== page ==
Ezekiel 40-48

The final chapters of Ezekiel bridge Exodus and Revelation, stitching the Old and New Testaments together. Ezekiel’s vision of restoration in Ezekiel 40-48 establishes a grid for understanding the storyline of Scripture. According to the New Testament authors, God’s jealousy to renew His people in Jerusalem and the temple is fulfilled in Christ’s atoning self-sacrifice and the presence of His Spirit among His people of all nations.

(1) The Spirit carried Ezekiel to a high mountain to reveal to the prophet the vision of restoration. Ezekiel stated that his prophetic vision of the future restoration of Israel began when God took him and set him on a very high mountain, the southern slope of which housed what resembled a city (Ezek 40:2). When Ezekiel described the new temple, he said, “The Spirit lifted me up and brought me to the inner court, and the glory of the LORD filled the temple” (Ezek 43:5; Exod 40:34-38; 1 Kgs 8:10-11; 2 Chron 5:13-14; 7:2). Toward the conclusion of Revelation, John wrote that an angel carried him away “in the Spirit to a great and high mountain and showed me the holy city, Jerusalem, coming down out of heaven from God, arrayed with God’s glory” (Rev 21:10-11). John wrote that when the risen Christ spoke to him, the voice was like cascading waters (Rev 1:15), similar to the voice Ezekiel heard speaking to him in his vision (Ezek 43:2).

(2) Ezekiel saw a vision of the new temple in Jerusalem. Ezekiel saw an angelic figure employ a measuring rod to measure the size of the temple (Ezek 40:3). John’s vision of the New Jerusalem included a similar feature; John recorded that the angelic figure guiding his prophetic vision had “a gold measuring rod to measure the city, its gates, and its wall” (Rev 21:15b). In Ezek 45:2-3 and 48:8-13, Ezekiel noted that the section of the Promised Land belonging to the Lord was equal on all sides; likewise, the outer walls of the new temple complex would resemble a square (Ezek 42:20). These geometrical configurations were perhaps meant to reflect the Holy of Holies of the temple (1 Kgs 6:16//2 Chron 3:8-9). John stated that the new, heavenly Jerusalem was likewise a cube: “The city is laid out in a square; its length and width are the same. He measured the city with the rod at 12,000 stadia. Its length, width, and height are equal” (Rev 21:16). Concerning the new temple, the Lord told Ezekiel, “Son of man, this is the place of My throne and the place for the soles of My feet, where I will dwell among the Israelites forever” (Ezek 43:7). The prophet understood that the entire city of the New Jerusalem would be called, “Yahweh Is There” (Ezek 48:35). John wrote that in his visionary experience, “I heard a loud voice from the throne: ‘Look! God’s dwelling is with men, and He will live with them. They will be His people, and God Himself will be with them and be their God’” (Rev 21:3). In Ezek 47:1, 7, and 12, the prophet described a river flowing eastward from underneath the temple, with many trees lining the river, each bearing seasonal fruit and never withering. John’s vision in Rev 22:1-5 reflected Ezekiel’s description of a life-giving river but the river John described had two distinguishing features. The river John saw flowed from the throne of God and the Lamb, and the fruit of the trees nourished by the river was for the healing of the nations.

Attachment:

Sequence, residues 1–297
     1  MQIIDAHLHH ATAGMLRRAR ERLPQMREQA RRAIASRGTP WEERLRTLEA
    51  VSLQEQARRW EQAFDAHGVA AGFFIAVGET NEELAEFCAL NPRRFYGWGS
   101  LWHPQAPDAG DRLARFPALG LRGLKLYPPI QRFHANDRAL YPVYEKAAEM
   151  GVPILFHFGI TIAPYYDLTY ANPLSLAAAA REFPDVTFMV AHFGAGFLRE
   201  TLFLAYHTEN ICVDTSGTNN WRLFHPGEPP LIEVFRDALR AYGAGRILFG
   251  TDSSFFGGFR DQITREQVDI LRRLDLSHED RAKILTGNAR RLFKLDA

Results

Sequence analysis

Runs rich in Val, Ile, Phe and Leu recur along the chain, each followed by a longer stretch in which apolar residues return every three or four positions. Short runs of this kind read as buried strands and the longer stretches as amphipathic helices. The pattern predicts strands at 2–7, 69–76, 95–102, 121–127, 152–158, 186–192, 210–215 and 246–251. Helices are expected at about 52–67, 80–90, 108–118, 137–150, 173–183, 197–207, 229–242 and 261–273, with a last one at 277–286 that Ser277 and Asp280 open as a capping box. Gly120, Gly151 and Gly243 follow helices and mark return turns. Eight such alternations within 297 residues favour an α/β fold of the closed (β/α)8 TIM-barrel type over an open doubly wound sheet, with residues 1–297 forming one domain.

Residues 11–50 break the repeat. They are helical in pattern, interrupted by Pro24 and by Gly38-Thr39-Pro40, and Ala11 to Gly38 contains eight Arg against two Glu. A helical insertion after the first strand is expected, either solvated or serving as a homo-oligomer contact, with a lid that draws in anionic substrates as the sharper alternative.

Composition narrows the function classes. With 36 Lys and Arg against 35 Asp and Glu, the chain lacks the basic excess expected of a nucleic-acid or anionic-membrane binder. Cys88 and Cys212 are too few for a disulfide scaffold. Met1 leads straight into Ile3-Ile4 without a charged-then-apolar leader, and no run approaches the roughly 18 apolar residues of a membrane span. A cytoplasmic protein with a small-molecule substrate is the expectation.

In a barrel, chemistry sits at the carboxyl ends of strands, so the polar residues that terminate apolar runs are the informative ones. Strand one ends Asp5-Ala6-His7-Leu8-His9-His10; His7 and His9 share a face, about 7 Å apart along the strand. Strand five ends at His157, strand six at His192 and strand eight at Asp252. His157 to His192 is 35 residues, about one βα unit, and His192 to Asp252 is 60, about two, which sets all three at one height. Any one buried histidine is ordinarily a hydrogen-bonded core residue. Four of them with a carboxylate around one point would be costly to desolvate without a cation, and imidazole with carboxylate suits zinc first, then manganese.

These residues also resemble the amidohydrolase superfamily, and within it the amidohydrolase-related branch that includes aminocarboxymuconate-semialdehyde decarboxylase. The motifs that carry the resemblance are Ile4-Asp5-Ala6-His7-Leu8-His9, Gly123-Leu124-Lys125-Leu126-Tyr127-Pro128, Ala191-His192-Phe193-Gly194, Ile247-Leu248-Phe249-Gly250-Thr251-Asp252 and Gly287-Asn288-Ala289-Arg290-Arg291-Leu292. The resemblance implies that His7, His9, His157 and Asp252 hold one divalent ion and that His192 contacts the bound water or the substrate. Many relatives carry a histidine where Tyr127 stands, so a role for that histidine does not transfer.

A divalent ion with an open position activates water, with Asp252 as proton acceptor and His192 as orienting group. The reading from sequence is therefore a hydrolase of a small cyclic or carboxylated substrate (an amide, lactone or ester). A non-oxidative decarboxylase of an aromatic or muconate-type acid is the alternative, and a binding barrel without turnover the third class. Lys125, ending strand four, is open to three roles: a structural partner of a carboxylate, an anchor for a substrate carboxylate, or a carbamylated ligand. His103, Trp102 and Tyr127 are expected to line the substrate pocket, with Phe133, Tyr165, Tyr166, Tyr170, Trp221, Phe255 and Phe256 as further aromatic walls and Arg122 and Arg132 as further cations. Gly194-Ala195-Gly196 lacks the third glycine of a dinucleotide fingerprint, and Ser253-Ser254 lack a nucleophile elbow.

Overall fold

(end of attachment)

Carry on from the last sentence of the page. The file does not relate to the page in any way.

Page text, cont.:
(3) Ezekiel prophesied that sacrifices would be central to Israel’s temple. In Ezek 43:18, the prophet heard the word of the Lord concerning the construction of the altar, where burnt offerings were to be sacrificed and blood was to be sprinkled. The author of Hebrews described a heavenly tabernacle, where Christ’s blood was spilled (Heb 9:11-22). The temple of Ezekiel’s vision would be the place where Israel would offer continual and regular sacrifices. But the author of Hebrews noted that the new, heavenly tabernacle enjoyed only one sacrifice, saying, “He [Christ] doesn’t need to offer sacrifices every day, as high priests do—first for their own sins, then for those of the people. He did this once for all when He offered Himself” (Heb 7:27). The author of Hebrews did notice one parallel between the practices of Ezekiel’s new temple and Christian practices. Since the bull of the sin offering was to be burned “outside the sanctuary” (Ezek 43:21; Exod 29:14) and Christ suffered outside the city gates of Jerusalem, his audience should bear Jesus’ disgrace by going outside the structures of Judaism to identify with Jesus (Heb 13:11-13).